“(We need) both, the effectiveness as a business and the inclusiveness and equivalence to be aligned with the social values and mission of the social enterprise.”
What’s different about sociocratic workplaces?
Role-based systems like sociocracy and Holacracy raise questions around roles and salaries. For starters, in a role-based system, what’s your job?
How does one determine salaries in a sociocratic business – and who decides that?
Most of us connect leadership with power, success, respect, responsibility – but also oppression or abuse of power. Our attitude towards leadership shaped over decades, with our parents, teachers, and supervisors in our lives. Some experiences might have been good – some not so good. And that’s why many people feel mixed about leadership.
When I worked in Fortune 500 companies with strict hierarchies, I felt entitled and would get annoyed every time I needed to work a second overtime. Now I enjoy what I do so much that a lot of my time off is spent learning about writing code and APIs so I can be every better at my job and create even cooler things.
Purpose-driven organizations love sociocracy. Not only do they help getting things done and serving the purpose who are passionate about – they also help doing good inside the organization. And doing good inside radiates to the outside, making the world more beautiful for everyone.
Most non-profits are governed like a hierarchy – which makes sense given that they have to be financially sound and effective. Yet, what if we told you that you can share power and be effective and efficient at the same time?
The best things about sociocracy:
- Clarity: small, trusted teams and people in clear roles make it easier to define each other’s responsibility and authority. And yet, those smaller teams have more headspace to actually listen to everyone’s input. It’s the perfect combination between strong, loving leadership and teamwork.
- Calm meetings: sociocracy uses the decision-making method of consent which is close to consensus but more efficient. The best thing about consent is that it is crystal clear: we know who decides, how we decide – even how we decide who decides! The transparency and clarity is liberating and a relief for everyone on the team.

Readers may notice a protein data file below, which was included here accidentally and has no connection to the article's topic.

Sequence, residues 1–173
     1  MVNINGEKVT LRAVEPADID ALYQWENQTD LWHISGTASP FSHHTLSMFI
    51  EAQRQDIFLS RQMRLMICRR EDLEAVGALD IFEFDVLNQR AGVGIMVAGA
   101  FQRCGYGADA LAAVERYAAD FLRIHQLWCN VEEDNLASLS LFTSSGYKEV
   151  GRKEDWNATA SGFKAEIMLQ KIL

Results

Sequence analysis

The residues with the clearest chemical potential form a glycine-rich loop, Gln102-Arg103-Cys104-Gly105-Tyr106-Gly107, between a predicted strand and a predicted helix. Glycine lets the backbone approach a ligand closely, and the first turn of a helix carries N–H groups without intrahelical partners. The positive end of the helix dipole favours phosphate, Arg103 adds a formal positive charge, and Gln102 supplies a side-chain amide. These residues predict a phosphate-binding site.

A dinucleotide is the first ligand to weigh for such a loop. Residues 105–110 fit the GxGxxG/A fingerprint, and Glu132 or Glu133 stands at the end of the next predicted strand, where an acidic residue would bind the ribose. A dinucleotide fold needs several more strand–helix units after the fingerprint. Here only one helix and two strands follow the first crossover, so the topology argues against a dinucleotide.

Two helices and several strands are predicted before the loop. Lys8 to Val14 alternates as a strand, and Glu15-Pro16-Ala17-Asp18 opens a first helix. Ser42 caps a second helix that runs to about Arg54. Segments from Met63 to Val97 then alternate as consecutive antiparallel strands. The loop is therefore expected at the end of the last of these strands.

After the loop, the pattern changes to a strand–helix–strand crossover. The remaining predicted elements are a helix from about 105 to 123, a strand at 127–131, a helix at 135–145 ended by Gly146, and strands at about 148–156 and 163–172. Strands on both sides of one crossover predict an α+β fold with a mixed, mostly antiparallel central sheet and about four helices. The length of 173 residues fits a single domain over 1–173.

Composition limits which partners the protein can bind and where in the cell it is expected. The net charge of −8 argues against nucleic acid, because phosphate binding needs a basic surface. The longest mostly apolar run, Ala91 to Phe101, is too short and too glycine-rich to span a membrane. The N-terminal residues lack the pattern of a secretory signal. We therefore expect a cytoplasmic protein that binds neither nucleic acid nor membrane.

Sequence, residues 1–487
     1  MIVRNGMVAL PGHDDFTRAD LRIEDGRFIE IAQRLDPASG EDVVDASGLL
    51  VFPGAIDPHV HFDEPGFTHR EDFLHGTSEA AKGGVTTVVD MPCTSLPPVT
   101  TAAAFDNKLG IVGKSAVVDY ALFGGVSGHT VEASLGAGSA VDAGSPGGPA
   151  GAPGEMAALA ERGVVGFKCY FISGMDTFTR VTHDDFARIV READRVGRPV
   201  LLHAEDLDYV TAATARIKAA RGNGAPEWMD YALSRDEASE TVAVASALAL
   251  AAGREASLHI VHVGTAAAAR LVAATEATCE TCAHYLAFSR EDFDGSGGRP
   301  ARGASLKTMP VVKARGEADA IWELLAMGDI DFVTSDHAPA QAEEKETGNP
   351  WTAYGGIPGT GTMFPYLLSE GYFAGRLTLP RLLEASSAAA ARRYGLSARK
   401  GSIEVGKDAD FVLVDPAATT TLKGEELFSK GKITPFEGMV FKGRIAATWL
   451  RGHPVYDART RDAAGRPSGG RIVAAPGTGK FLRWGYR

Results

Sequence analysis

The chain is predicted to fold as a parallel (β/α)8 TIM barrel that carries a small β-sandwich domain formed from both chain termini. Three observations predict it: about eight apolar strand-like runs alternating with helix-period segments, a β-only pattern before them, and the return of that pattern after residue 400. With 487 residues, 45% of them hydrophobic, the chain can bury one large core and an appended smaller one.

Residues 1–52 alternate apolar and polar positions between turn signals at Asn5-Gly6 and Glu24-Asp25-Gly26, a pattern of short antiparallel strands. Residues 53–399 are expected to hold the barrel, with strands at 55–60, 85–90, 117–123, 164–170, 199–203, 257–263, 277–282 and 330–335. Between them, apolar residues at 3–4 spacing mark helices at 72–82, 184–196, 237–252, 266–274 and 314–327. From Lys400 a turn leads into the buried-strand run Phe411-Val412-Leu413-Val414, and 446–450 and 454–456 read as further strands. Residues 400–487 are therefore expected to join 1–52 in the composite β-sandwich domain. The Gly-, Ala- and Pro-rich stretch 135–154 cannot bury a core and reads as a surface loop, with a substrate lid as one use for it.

- Connection: we often talk in rounds, which means everyone talks one by one. This way of working, once everyone is used to is, doesn’t take longer than “debate” style, yet it creates a stronger bond within teams and contributes to a better sense of togetherness.
Is sociocracy hard to do?
How easy it is to implement sociocracy depends on the size and the culture of your non-profit. If things are done in hierarchical ways, people need to learn the nuts and bolts of sharing (and receiving!) power. If things are run very collaboratively now, creating clarity might be the biggest learning.
Meeting facilitation, improved clarity and the relationship between board and staff and core volunteers are areas that we find sociocracy contributes the most to.
Where do we start?
Read and watch the information on this site. If you are interested in suggesting at your workplace, make sure to read The Sociocracy Starter Kit first.
You will notice that it suggests involving other people in your exploration as early as possible. Having seen dozens of organizations in this situation, we really mean it!
Learning and Implementation
Get support in your exploration of sociocracy from our certified consultants and coaches.
300 pages. Written by Jerry Koch-Gonzalez and Ted Rau.
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More Resources on Sociocracy in workplaces.